TO SEARCH this database type in a word or phrase in the box in the upper left and any material containing the word or phrase will be displayed for your review.
Also, §22 of the New York State's General Construction Law, in pertinent part, provides that “Whenever words of the masculine or feminine gender appear in any law, rule or regulation, unless the sense of the sentence indicates otherwise, they shall be deemed to refer to both male or female persons.” NYPPL typically follows this protocol.
October 15, 2010
Determining if a demand to submit a grievance to arbitration is subject to the “two-prong test"
Matter of Board of Educ. of Deer Park Union Free School Dist. v Deer Park Teachers' Assn., 2010 NY Slip Op 07338, Decided on October 12, 2010, Appellate Division, Second Department
Regina Moraitis was appointed to the position of Computer Teacher and subsequently she was awarded tenure in that area. In January 2009 the petitioner, Deer Park Union Free School District abolished Moraitis's position and terminated her employment.
The Deer Park Teachers' Association filed a grievance on behalf of Regina Moraitis pursuant to a collective bargaining agreement between the Deer Park School Union Free District and the Teachers' Association and ultimately demanded that the grievance be submitted to arbitration. The demand described the nature of the grievance as one for contract interpretation, and asserted that Deer Park had violated the collective bargaining agreement by abolishing Moraitis's teaching position and not offering her an available position.
Deer Park, in the course of the litigation, said that its appointment of Moraitis to the position of Computer Teacher was a mistake it did not discover until years after the appointment and she should have been appointed as a Computer Technology Staff Developer and that the Developer position was not in the collective bargaining unit represented by the Association.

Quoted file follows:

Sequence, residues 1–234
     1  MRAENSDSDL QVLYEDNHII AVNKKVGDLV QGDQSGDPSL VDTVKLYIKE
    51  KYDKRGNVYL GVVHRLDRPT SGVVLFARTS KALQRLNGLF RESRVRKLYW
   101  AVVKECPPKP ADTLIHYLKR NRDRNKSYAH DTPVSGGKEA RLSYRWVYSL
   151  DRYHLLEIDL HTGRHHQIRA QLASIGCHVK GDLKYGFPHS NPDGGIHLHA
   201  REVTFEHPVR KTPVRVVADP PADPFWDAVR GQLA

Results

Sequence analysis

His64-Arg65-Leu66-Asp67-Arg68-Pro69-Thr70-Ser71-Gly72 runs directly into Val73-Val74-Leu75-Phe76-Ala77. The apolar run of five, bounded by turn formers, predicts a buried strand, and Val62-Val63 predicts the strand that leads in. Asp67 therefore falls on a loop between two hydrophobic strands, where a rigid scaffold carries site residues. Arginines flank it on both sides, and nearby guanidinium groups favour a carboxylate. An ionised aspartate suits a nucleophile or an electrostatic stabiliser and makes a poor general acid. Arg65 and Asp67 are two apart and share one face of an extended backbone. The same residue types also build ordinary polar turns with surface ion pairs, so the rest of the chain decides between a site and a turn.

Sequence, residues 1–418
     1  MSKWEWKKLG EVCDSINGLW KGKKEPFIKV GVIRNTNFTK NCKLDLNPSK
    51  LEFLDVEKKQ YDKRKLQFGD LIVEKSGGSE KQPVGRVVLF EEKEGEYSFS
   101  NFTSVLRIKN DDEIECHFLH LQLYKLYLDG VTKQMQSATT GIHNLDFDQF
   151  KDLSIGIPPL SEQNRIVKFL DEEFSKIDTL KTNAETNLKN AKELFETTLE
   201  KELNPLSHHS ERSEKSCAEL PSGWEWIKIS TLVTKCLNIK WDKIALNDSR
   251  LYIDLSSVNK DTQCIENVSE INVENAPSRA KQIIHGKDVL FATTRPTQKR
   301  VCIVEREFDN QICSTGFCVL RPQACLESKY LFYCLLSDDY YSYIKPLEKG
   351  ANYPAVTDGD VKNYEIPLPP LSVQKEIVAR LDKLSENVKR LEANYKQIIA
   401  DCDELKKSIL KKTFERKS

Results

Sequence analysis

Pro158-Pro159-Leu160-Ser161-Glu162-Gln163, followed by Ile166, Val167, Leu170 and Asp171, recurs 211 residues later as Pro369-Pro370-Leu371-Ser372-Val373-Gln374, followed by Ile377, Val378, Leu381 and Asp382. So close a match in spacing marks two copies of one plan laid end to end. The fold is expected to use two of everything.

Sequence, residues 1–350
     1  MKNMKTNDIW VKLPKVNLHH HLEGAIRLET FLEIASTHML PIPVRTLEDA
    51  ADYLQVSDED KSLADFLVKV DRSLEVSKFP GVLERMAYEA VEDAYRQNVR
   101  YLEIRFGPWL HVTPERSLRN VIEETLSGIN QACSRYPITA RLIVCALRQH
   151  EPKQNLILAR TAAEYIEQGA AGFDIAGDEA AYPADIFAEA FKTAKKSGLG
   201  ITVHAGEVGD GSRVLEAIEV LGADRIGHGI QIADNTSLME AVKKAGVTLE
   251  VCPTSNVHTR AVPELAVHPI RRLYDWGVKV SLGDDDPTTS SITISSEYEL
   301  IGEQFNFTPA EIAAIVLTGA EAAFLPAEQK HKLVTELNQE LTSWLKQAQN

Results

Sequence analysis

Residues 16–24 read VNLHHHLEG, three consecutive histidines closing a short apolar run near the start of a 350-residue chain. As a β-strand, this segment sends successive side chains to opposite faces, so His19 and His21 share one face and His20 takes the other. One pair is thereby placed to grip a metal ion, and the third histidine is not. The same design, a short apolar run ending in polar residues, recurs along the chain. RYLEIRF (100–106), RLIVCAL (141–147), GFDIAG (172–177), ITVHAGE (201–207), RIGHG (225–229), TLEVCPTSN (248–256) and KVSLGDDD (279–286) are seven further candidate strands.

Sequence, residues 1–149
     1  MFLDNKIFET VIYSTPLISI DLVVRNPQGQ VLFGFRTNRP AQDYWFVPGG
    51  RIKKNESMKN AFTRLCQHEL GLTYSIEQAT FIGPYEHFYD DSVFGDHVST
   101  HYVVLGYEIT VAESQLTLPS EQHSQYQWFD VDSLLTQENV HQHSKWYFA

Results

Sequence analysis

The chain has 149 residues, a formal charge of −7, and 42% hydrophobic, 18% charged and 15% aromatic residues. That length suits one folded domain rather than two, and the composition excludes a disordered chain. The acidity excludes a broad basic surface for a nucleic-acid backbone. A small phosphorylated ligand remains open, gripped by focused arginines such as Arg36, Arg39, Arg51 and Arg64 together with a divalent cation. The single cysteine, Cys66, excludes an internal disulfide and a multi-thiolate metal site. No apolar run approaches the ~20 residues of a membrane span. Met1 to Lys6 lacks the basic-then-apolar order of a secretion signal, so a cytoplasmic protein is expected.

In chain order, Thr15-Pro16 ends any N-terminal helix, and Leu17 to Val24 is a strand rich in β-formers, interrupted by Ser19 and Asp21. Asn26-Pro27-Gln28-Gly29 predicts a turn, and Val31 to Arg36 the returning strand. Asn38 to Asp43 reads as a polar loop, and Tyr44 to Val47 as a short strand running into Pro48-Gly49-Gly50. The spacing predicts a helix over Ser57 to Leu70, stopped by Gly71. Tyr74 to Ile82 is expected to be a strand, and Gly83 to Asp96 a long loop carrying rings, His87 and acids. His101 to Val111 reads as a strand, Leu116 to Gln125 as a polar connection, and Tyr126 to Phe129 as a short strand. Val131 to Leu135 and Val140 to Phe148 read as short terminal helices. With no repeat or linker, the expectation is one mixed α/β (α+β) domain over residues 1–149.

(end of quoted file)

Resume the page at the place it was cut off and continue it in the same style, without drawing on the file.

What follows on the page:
Deer Park commenced an Article 75 proceeding seeking to permanently stay arbitration on the ground that Moraitis did not hold a position within the bargaining unit represented by the Teachers' Association. The Supreme Court denied Deer Park’s petition and dismissed the proceeding. The Appellate Division affirmed the lower court’s ruling.
The Appellate Division said that to determine whether a dispute between a public sector employer and employee is arbitrable the courts apply a “two-prong test” described by the Court of Appeals in Matter of Acting Supt. of Schools of Liverpool Cent. School Dist. (United Liverpool Faculty Assn.), 42 NY2d 509.
The first prong of the test: is any statutory, constitutional, or public policy prohibition against arbitrating the grievance? If there is no prohibition against arbitrating, the second prong of the test is triggered and the court must examine the parties' collective bargaining agreement and determine if they in fact agreed to arbitrate the particular dispute.
As Deer Park did not contend that arbitration of the subject matter of the dispute was prohibited by law or public policy, the only issue to be resolved is whether the parties agreed to arbitrate the particular dispute.
In such a situation, said the Appellate Division, if the arbitration clause is broad enough to encompass the subject matter of a dispute, "[t]he question of the scope of the substantive provisions of the contract is itself a matter of contract interpretation and application, and hence it must be deemed a matter for resolution by the arbitrator," citing Board of Educ. of Lakeland Cent. School Dist. of Shrub Oak v Barni, 49 NY2d 311.
As the Court of Appeals ruled in Matter of Board of Educ. of Watertown City School Dist. v Watertown Educ. Assn., 74 NY2d 912, a stay of arbitration is inappropriate where "the parties' agreement to arbitrate the dispute is clear and unequivocal but there is some ambiguity as to the coverage of the applicable substantive provision of the contract."